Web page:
Mani Ratnam needs no introduction because he is an international brand. There is no doubt that he is among Asia’s best directors and a filmmaker who has got the Indian audiences to transcend conventional ways of looking at cinema. He is a director who delves into mythology and creates contemporary renderings. Never for a moment is one allowed to forget who the mind is behind every inflection and emotion. One is constantly reminded of the film even after emerges from the theatre.
From his first film, Pallavi Anu Pallavi, to his latest OK Kanmani, which will be released worldwide on April 17, Mani Ratnam has come a long way. This filmmaker has shown us the values of human relationships. That is the magic of Mani Ratnam. All his movies stand tall and his admirers are loyal and vociferous, but there are equally rabid critics who in their tirade contradict each other.
Be it Roja, Bombay, Dil Se or Kannathil Muttamittal, your movies deal with contemporary issues. What does your next film OK Kanmani deal with?
OK Kanmani does not deal with any issues but primarily focuses on what is happening around us. It is all about the changing values and change in attitudes among youngsters. The film also talks about the changing views in relationships, and it is something that I have observed closely over the years.
You don several caps. You conceive a story, write scripts and direct films. What do you see yourself as?
I see myself as a complete filmmaker. I enjoy every aspect of filmmaking be it writing or directing. When I take up a film, it is my duty to ensure that it reaches the audience effectively. For any director, every movie is a challenge and in order to conceive it the way you want, it is always better if you take up all these roles together.
How do you work on your character and their relationships? Where does the sensitivity come from?
There are no such clear-cut lines. Every film starts with an idea and then the lines merge. The idea of the story comes with a glimpse of the characters. I always believe that a character takes shape only when an actor performs on screen and that has been my experience. There is more clarity when you write about the character on paper, otherwise it is all on screen. Sensitivity comes from your value system isn’t it? You need to turn around and look at your background, the people around you, what moves you in life. You pick things out of anywhere and you think you can do that particular subject.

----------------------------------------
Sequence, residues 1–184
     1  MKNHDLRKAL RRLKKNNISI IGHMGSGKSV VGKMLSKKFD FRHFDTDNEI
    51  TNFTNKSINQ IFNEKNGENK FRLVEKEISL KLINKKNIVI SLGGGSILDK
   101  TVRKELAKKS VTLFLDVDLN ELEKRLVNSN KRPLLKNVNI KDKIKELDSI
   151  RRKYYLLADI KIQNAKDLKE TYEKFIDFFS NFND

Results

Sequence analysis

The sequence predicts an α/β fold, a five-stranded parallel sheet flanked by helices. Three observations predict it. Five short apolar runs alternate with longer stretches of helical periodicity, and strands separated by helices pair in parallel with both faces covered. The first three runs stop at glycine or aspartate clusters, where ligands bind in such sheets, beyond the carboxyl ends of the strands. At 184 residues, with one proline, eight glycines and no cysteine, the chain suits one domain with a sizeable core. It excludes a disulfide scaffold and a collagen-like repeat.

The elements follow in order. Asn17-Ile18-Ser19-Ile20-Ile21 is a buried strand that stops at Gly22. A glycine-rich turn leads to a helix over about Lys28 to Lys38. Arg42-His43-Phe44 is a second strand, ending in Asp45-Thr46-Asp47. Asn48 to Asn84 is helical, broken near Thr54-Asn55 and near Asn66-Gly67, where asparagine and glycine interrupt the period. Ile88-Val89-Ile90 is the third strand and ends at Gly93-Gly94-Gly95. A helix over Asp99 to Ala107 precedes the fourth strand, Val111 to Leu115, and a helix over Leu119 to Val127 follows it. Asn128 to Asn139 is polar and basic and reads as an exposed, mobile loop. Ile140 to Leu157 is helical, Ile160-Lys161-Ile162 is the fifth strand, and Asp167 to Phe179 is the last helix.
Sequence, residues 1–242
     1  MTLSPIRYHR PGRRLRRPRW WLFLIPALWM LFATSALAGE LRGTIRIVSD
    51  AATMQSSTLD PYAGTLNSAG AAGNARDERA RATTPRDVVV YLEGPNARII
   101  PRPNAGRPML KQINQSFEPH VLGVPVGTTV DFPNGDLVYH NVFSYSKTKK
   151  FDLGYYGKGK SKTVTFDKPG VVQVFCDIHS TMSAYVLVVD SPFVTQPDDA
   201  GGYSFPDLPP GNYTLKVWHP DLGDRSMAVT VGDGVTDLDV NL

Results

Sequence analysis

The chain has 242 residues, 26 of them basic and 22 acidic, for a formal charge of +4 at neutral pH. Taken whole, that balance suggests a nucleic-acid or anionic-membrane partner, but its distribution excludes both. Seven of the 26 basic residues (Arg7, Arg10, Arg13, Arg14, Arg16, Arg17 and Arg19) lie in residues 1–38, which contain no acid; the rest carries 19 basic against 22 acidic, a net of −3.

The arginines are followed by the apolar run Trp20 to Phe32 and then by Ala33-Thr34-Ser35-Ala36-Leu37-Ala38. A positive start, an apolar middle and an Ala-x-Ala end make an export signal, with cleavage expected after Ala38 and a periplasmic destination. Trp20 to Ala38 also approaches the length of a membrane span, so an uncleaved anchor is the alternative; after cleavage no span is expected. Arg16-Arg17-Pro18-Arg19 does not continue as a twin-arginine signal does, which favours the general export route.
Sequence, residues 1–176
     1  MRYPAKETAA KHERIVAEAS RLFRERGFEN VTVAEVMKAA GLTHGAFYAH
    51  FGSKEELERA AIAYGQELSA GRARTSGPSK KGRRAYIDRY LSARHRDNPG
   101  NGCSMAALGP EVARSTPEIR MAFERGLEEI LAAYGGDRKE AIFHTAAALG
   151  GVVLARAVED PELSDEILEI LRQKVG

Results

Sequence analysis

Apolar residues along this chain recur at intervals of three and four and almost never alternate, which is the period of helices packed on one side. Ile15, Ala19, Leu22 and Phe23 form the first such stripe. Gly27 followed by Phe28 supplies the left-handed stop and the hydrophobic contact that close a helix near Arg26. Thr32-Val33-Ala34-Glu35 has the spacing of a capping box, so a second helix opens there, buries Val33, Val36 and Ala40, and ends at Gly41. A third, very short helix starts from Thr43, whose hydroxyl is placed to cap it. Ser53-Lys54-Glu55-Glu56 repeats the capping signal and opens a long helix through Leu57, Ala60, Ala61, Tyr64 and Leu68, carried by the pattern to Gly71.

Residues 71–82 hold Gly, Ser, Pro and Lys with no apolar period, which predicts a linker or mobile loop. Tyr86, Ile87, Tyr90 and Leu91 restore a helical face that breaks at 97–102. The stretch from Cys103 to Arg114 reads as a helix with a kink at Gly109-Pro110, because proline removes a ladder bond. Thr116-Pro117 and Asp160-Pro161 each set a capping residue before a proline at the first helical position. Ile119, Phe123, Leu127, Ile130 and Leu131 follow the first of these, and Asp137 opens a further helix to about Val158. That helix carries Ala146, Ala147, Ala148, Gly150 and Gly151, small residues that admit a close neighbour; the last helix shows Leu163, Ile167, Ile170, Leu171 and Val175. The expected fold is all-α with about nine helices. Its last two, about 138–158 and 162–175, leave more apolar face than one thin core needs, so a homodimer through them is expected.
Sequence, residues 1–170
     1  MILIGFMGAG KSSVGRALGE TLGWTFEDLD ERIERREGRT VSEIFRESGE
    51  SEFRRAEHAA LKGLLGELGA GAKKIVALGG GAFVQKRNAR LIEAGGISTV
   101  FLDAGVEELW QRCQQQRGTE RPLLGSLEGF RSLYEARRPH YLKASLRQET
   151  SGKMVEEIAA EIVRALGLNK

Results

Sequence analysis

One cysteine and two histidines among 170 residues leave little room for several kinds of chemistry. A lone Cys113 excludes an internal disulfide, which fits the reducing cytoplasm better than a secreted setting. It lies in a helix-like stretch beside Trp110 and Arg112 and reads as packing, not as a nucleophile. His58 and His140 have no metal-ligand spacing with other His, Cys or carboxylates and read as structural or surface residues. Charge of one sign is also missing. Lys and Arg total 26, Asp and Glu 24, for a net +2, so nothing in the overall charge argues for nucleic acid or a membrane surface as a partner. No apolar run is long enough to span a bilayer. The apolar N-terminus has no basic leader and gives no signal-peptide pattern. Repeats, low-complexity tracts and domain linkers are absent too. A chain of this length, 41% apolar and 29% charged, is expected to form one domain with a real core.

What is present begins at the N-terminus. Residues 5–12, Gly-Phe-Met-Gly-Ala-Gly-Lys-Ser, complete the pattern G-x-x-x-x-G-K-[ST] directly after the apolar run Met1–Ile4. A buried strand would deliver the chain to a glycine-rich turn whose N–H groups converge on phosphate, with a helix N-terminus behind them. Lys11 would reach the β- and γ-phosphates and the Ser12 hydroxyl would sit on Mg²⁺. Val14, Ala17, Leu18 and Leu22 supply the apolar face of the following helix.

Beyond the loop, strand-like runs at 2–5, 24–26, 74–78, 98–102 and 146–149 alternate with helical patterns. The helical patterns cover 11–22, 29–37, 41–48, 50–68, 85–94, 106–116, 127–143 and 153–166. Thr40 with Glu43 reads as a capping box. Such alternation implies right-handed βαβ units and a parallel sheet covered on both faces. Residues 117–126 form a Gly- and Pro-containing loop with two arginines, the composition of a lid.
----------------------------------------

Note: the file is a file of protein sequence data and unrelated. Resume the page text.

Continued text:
Writing is a process that does not come easily. You need to throw yourself a challenge every time. It is something I thoroughly enjoy.
You have admitted openly that writing to you is exciting but sometimes troublesome. How challenging is it to crack an idea on paper for the first time?
That is true. At times writing can be nagging, exciting, fascinating and troublesome. It stares back at you. There are times when it opens up and at times it just opens up halfway and not completely. At times it promises to be fantastic. There are times when you get stuck on it and then you keep thinking over it for days. It pains you and even hurts you but nothing can beat the happiness when you ultimately shape a character completely. It is a moment when you know you have solved the problem and you feel good about it. It is a process that does not come easily. You need to throw yourself a challenge every time. It is something I thoroughly enjoy..
What one has observed is that your films have a force field of their own. When one is in it, one feels differently. When one leaves the theatre nothing lingers. Is that a deliberate attempt?
That seems to be a good observation (laughs). Frankly, I have nothing against conventional methods of filmmaking. Before thinking about a film, I always ask myself what I want to do. I know that I want to do something that matters. It is something that intrigues, fascinates and challenging.
This was first published in Times of Oman on April 15, 2015